A Beautiful View

A Beautiful View

A Beautiful View
Written and directed by Daniel MacIvor
Ruby Slippers Theatre
Performance Works
Dec 4 to Dec 13, 2009
Also at the Shadbolt Centre for the Arts
Dec 16 to 19.

Vancouver, BC:  Start with a script written by one of Canada's iconic playwright/actors and directed by the playwright himself. Feature two compelling powerful female actors with hugely synergistic on-stage chemistry in a small theatre setting where every nuance of  their performance can be seen. And focus on the ebb and flow of an intimate relationship between these two women, from casual meeting, to sexual encounter, touching on friendship, love, attraction, trust and mistrust. My expectations were high - I was expecting truly to be blown away by this play. But I confess I just did not get it.

Colleen Wheeler is "Linda" and Diane Brown is "Mitch". The telling of their story is framed by a camping trip where they have come together to talk about what happened at a Halloween party that disrupted their relationship that had developed over some twenty years.

For the first maybe five minutes there is silence. Wheeler connects with the audience with minute facial gestures, sideways looks, a twitch of the mouth. This opening night audience is theatre savvy - we know we are supposed to feel uncomfortable and restless so nobody moves a muscle. As the minutes pass, an occasional laugh or a nervous giggle is heard from different seats.

Outdoor sounds of wild life issue forth. And we are at a campsite. A tent, two chairs. Two women. The tension between them is electric. We know something has gone very wrong. Over the next hour we follow them through years of a relationship. They meet in a casual encounter in a store, each shopping for a tent. They share their fear of bears, and tentatively introduce themselves - and here the first lies are told. We watch as their relationship develops, teetering precariously between physical attraction and mistrust from half-truths and more outright lies. Until at last we end up at the end frame - the campsite.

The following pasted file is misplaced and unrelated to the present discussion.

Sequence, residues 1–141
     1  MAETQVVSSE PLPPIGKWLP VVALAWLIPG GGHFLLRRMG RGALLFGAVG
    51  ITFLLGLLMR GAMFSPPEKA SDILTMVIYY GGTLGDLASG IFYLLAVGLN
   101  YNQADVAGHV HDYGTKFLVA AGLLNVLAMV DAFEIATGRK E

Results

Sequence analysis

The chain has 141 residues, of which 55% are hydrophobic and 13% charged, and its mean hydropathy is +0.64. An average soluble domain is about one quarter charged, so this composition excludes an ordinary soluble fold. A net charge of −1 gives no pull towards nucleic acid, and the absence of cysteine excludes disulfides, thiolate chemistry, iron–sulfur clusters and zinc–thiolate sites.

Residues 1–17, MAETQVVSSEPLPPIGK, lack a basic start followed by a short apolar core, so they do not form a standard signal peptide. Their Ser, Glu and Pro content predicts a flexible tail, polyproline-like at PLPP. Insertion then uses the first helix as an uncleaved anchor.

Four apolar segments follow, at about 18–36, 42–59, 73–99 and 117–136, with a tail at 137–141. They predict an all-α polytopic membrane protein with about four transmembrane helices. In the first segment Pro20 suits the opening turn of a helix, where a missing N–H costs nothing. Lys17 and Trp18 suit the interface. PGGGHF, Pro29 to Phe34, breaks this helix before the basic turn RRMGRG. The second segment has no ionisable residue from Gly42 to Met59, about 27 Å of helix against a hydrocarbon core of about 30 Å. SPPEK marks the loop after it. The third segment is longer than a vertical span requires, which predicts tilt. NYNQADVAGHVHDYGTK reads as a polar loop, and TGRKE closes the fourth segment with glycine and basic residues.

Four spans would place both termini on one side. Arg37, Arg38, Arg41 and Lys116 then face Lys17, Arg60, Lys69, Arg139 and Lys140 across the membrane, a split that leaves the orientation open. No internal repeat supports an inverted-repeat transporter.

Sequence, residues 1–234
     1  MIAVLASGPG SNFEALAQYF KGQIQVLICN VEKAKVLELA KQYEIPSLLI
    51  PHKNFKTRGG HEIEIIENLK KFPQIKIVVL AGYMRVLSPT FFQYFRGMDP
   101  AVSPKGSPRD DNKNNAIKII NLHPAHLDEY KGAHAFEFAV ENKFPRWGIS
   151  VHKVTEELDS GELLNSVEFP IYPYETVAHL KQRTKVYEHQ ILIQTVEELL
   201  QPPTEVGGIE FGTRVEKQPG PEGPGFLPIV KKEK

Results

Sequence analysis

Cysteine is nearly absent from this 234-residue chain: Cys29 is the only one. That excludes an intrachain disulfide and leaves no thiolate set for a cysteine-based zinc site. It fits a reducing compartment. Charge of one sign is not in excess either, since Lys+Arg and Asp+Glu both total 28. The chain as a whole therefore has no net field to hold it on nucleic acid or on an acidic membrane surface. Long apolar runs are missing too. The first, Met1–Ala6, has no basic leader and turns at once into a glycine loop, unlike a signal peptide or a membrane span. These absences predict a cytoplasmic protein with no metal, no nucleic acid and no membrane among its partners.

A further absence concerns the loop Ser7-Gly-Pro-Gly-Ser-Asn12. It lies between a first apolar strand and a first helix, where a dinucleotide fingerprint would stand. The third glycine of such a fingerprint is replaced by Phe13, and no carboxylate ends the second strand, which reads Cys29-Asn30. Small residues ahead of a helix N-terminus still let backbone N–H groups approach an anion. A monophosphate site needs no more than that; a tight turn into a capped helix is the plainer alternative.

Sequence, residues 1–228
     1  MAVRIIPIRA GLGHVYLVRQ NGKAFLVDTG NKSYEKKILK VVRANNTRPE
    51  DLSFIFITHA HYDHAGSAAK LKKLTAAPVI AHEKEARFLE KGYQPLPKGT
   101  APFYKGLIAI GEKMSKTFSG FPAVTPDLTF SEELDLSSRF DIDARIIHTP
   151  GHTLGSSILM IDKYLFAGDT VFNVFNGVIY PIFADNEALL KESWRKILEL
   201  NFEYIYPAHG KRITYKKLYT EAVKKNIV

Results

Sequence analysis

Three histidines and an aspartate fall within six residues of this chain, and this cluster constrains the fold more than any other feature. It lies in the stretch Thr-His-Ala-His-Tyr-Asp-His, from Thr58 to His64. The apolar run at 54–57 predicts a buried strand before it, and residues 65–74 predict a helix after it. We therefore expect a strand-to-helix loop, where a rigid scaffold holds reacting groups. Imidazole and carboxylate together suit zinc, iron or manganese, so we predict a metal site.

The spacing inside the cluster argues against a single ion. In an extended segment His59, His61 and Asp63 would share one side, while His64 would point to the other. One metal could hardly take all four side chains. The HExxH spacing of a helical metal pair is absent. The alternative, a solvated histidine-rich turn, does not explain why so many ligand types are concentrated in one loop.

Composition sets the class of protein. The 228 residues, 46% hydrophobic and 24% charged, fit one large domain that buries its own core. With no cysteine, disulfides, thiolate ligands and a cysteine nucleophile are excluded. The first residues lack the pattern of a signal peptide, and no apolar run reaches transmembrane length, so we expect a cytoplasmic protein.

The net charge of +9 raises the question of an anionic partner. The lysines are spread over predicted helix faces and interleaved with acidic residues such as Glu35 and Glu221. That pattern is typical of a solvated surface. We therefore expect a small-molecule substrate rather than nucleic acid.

I was certainly caught up in the drama. Wheeler and Brown both have such intense stage presence that you can't help but keep your eyes glued to the stage. But as the final dramatic events unfolded my mind wandered wildly from the supposedly dramatic denoument. Admittedly a current production of The Winter's Tale is still fresh in my mind but I couldn't help thinking of  "exit pursued by a bear" and fighting to hold back a giggle. Not the intended response to the outcome of this play, I am sure.

I really can't figure out why I did not like this play. Wheeler and Brown were great. I have enjoyed everything I have previously seen of MacIvor's work as a writer and an actor from the first time I saw This is A Play,  to Monster, Cul de Sac and others. The last play of his I saw, His Geatness got a rave from my Rants and Rave column. Maybe, I thought, I was just missing some deep metaphysical concept that everyone else seemed to get.

The recurring catch phrase in the play is "nothing is enough". That sort of sounds like something profound to think about - a meditation on what is nothing. But I really did not get anything deep out of that thought. In contrast, I thought about Lorna Crozier's "a Poem About Nothing" that I read ages ago and loved. That reached me somehow. But my reaction to the repetition of the phrase in this play resembled the easy humourous tags that headline writers would use like "nothing is not enough".

Then I thought maybe I would just write nothing. After all why post a negative review about work from a writer and performers who you really admire. But that would be a cop out. So here it is. Maybe someone will comment on how I totally missed the mark with my view of this play. But "eaten by a bear, really?"